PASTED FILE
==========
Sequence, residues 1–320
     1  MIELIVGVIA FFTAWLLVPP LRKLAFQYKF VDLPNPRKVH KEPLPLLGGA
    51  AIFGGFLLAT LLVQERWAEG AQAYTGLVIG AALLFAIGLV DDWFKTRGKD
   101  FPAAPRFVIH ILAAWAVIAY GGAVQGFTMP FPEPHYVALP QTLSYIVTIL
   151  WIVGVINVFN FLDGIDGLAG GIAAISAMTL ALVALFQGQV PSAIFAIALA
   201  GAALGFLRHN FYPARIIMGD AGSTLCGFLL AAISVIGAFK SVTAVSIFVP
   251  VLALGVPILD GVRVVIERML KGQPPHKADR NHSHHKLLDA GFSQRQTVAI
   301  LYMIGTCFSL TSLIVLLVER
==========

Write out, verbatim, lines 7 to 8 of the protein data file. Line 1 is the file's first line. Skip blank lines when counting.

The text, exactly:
   251  VLALGVPILD GVRVVIERML KGQPPHKADR NHSHHKLLDA GFSQRQTVAI
   301  LYMIGTCFSL TSLIVLLVER